Frozen Local: Strategies for Freezing Locally Grown Produce for the K-12 Marketplace

Published December 11, 2012

Executive summary

Farm to School programs, linking children in K-12 schools with locally grown foods and the farmers who produce them are growing by leaps and bounds across the United States. In 2012, more than 12,400 schools were engaged in Farm to School activities.1 In Minnesota, where the Institute for Agriculture and Trade Policy (IATP) is headquartered, two-thirds of the state’s K-12 students attend school in districts that are participating in Farm to School.

Many schools are now looking for ways to extend their Farm to School programs beyond the season for locally grown fresh produce. One avenue for engaging in Farm to School year-round is preserving the local bounty through innovative strategies for freezing fruits and vegetables grown nearby.

In this report, IATP explores several potential avenues for freezing locally and regionally grown produce on a small-to-medium scale for the K-12 marketplace: schools freezing on-site in their own kitchen facilities; mobile freezing units; commercial kitchens and small freezing enterprises; and co-pack relationships with existing freezing companies that could potentially serve the K-12 market.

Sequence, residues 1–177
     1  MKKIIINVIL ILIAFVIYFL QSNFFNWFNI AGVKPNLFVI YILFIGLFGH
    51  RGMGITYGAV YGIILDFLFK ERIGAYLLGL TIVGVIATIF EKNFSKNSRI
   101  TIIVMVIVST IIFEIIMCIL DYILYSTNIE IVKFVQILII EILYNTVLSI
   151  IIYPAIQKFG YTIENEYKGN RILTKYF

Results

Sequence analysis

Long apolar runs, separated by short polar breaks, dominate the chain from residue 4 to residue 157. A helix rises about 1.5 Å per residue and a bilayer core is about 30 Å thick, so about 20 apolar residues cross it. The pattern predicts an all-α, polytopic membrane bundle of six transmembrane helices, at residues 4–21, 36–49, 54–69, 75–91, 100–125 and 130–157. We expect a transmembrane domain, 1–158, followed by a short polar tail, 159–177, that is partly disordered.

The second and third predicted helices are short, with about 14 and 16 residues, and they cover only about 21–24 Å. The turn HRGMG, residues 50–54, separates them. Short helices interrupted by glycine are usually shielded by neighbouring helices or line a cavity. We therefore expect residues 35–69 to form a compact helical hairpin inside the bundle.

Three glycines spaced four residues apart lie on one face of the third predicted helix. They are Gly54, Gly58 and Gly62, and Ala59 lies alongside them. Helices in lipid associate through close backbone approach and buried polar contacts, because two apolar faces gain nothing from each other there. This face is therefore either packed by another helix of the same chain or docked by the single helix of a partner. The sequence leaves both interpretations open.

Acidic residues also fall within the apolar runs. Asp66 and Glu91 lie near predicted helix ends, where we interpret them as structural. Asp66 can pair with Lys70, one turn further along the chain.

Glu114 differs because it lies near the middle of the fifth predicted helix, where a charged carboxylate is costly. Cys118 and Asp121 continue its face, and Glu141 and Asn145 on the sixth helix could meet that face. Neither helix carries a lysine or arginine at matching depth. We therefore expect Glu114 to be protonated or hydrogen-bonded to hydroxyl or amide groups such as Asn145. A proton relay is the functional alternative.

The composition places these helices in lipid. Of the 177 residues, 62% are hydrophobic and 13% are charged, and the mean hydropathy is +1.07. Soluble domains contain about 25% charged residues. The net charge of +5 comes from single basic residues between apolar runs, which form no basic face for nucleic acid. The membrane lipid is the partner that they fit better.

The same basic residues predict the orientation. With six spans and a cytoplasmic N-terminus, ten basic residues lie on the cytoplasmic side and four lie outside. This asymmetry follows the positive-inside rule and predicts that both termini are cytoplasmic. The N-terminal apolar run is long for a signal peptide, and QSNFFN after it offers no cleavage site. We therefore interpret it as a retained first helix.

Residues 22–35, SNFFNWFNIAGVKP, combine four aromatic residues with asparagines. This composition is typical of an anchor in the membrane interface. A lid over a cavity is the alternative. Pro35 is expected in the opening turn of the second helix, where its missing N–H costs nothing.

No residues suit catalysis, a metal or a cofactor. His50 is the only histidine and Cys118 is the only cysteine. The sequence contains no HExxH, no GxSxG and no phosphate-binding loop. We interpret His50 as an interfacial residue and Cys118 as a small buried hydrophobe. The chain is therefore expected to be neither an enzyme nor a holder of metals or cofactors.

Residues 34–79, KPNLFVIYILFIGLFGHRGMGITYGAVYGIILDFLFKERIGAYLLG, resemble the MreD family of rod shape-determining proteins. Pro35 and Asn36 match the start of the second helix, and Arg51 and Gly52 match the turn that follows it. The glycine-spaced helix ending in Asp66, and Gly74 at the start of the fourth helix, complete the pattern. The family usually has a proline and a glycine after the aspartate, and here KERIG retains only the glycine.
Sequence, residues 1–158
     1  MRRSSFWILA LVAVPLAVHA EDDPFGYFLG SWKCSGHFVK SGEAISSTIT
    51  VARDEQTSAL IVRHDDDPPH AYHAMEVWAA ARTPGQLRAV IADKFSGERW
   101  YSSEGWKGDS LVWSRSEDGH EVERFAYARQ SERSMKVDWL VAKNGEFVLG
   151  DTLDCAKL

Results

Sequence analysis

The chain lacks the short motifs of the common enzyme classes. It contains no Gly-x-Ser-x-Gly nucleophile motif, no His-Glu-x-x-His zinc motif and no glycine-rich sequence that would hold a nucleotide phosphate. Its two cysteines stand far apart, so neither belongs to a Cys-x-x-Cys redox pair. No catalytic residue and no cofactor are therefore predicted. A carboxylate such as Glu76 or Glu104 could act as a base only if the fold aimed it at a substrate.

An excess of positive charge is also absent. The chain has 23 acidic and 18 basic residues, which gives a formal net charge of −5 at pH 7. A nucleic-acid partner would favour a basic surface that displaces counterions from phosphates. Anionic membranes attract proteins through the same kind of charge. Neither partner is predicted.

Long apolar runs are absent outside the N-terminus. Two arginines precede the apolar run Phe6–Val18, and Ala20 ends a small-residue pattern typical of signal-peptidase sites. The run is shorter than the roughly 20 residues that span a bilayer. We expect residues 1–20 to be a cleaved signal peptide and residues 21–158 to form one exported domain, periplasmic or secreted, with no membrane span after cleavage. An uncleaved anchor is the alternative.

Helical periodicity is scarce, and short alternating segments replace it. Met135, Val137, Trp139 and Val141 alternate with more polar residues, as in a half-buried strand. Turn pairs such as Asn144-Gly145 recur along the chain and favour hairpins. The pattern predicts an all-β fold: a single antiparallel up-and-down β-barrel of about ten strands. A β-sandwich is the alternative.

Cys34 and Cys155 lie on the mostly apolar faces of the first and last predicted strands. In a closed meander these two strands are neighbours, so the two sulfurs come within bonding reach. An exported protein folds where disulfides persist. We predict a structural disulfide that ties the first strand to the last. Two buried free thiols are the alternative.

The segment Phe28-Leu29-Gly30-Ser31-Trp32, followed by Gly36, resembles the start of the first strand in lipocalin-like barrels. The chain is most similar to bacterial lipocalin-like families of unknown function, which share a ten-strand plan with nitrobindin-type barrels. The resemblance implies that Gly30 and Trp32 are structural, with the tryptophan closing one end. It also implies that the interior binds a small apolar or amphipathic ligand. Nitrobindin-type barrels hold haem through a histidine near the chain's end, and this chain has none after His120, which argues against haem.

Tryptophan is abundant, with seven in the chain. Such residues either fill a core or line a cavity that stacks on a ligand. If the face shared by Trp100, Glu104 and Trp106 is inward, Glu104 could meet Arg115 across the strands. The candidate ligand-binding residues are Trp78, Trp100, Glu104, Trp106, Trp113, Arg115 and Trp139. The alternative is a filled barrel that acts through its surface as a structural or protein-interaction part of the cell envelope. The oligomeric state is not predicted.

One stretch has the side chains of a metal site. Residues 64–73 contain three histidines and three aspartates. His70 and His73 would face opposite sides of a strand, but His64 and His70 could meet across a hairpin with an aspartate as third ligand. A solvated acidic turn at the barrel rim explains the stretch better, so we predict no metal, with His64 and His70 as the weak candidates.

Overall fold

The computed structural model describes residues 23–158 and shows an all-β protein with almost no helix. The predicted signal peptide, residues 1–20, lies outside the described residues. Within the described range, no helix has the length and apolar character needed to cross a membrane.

Our research draws insight from the first-hand experiences of a range of ventures around the country that are now exploring freezing strategies for fruits and vegetables grown in their region. While some of those ventures are aimed squarely at serving K-12 schools, others are seeking to process local farm products for other markets while providing fair prices to their farm partners. All shed light on the opportunities and challenges of modestly sized approaches for freezing produce. Our findings include the following:

Freezing on-site in K-12 kitchens

  • Freezing locally grown produce on-site in K-12 facilities can be a positive and affordable strategy for interested schools when focused on appropriate crops and when freezing activities are tailored effectively to the school’s operating environment. While freezing will not be a fit for all schools, it can be attractive for those that can conduct modified scratch cooking.
  • The cost of the finished product is specific to the crop and varies greatly depending on the particular processing method used, the hourly cost of labor and the purchase price paid to the supplier. Identifying the most efficient processing method given available equipment and staffing is key to choosing effective freezing activities.
  • A strong majority of the school food service staff interviewed reported that the finished cost of various local foods they had frozen on-site was within their budget for occasional use. As schools gain experience with freezing, they tend to hone in on crops and freezing methods that are most cost-effective given their particular operating environment.